Despite the increasing number of people affected, the prognosis for patients with heart failure has steadily improved, said Gregg C. Fonarow, M.D, chairman of American Heart Association Hospital Accreditation Science Committee and professor of cardiovascular medicine of the University of California, Los Angeles. This is testament in part to better therapies and systems for treating this condition. There has been so much research and advancement in this area that what used to be a very dismal diagnosis is no longer the norm. Used appropriately, available medical and device therapies are even more effective than originally believed and best practices of care have now been shown to save lives.
Feb 13, 2012 - 5:00:00 AM

Latest Research
New device performs better than old for removing blood clots
An experimental blood clot-removing device outperformed the FDA-approved MERCI; retriever device, according to late-breaking science presented at the American Stroke Association's 2012 International Stroke Conference.
Feb 3, 2012 - 5:00:00 AM

Latest Research
Cardiovascular Nursing Spring Meeting
New scientific findings and hot topics in cardiovascular nursing will be the focus of the 12th Annual Spring Meeting on Cardiovascular Nursing. Managing in today's challenging financial environment and dealing with the increasing issue of cardiovascular disease in dementia patients are just two items on the packed agenda.
Feb 2, 2012 - 5:00:00 AM

Latest Research
Infections in childhood linked to high risk of ischemic stroke
Common infections in children pose a high risk of ischemic stroke, according to research presented at the American Stroke Association's International Stroke Conference 2012.
Feb 1, 2012 - 5:00:00 AM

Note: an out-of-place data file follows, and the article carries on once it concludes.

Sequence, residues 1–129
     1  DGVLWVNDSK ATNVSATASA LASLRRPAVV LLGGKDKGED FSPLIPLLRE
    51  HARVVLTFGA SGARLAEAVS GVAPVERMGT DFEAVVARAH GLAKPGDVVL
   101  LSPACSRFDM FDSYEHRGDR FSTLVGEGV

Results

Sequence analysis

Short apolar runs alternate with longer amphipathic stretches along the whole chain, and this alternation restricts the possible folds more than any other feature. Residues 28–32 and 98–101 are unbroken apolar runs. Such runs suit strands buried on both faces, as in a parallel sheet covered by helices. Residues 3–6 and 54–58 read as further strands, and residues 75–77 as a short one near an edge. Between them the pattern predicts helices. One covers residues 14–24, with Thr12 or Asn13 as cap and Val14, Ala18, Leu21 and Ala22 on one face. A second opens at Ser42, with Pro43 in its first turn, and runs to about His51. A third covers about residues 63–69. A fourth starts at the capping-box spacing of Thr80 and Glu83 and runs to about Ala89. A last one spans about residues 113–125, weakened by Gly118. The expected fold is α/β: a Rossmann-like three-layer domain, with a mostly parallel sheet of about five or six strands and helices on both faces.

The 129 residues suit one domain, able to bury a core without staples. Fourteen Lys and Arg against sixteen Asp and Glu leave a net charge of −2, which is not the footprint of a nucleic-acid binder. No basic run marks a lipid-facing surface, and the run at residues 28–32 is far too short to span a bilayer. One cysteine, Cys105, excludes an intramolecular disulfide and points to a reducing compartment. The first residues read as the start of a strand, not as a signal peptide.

Latest Research
Clot-busting drugs appear safe for treating 'wake-up' stroke patients
Clot-busting drugs may be safe for patients who wake up experiencing stroke symptoms, according to preliminary research presented at the American Stroke Association's International Stroke Conference 2012.
Feb 1, 2012 - 5:00:00 AM

Latest Research
Canada's first renal denervation procedure to reduce high blood pressure performed today
Doctors at the Peter Munk Cardiac Centre today performed a minimally invasive surgical procedure to treat high blood pressure, called renal denervation, for the first time in Canada. The procedure can significantly reduce high blood pressure in patients who cannot effectively treat their hypertension through drugs. These patients, numbering approximately 250,000 Canadians, have to endure an especially high risk of heart attacks and stroke, which continues to kill thousands of Canadians every year.
Jan 17, 2012 - 5:00:00 AM

Latest Research
New predictor of heart attack or stroke
CHICAGO --- A hike in your blood pressure during middle age significantly raises the risk of having a heart attack or a stroke during your lifetime, according to new Northwestern Medicine research. The study offers a new understanding on the importance of maintaining low blood pressure early in middle age to prevent heart disease later in life.
Dec 19, 2011 - 5:00:00 AM

Latest Research
ASE-EAE to issue guidelines for the echocardiographic evaluation of cancer patients
Considering that the early detection of cardio toxicity is a critical issue for patients undergoing chemotherapy, the ASE and the EAE have come together to write guidelines which will highlight the technical advantages of echocardiography in identifying cardio toxicity early, explained Prof Juan Carlos Plana, Co-Director of the Cardio-oncology Center, Cleveland Clinic, from the ASE. This would help select patients who would benefit from cardio protective regimens, so that heart failure does not become an obstacle to the oncologist during therapy, and to the patient during his/her survival.
Oct 20, 2011 - 4:00:00 AM

Latest Research
Undetected strokes increase risk
OTTAWA, Oct. 4, 2011 -- Everyday, 1,000 people in Canada turn 65, entering a stage of life that has increasing risk of stroke and Alzheimer's disease.
Oct 4, 2011 - 4:00:00 AM

Latest Research
Telestroke the next best thing
OTTAWA, Oct. 4, 2011 -- The use of long-distance video and data hookups to link remote community hospitals with stroke neurologists in large centres provides the same level of care as having everyone in the same room, according to a new study presented today at the Canadian Stroke Congress.
Oct 4, 2011 - 4:00:00 AM

Latest Research
Stroke rate 25 percent higher for Metis